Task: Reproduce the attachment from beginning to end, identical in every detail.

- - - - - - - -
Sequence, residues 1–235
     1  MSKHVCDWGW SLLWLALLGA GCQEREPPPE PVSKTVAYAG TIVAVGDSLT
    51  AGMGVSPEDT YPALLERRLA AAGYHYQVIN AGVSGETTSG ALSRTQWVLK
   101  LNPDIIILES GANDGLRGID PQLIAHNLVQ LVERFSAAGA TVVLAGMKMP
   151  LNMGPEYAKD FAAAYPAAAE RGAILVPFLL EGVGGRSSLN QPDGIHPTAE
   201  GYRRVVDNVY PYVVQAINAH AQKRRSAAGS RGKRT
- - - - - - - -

Sequence, residues 1–235
     1  MSKHVCDWGW SLLWLALLGA GCQEREPPPE PVSKTVAYAG TIVAVGDSLT
    51  AGMGVSPEDT YPALLERRLA AAGYHYQVIN AGVSGETTSG ALSRTQWVLK
   101  LNPDIIILES GANDGLRGID PQLIAHNLVQ LVERFSAAGA TVVLAGMKMP
   151  LNMGPEYAKD FAAAYPAAAE RGAILVPFLL EGVGGRSSLN QPDGIHPTAE
   201  GYRRVVDNVY PYVVQAINAH AQKRRSAAGS RGKRT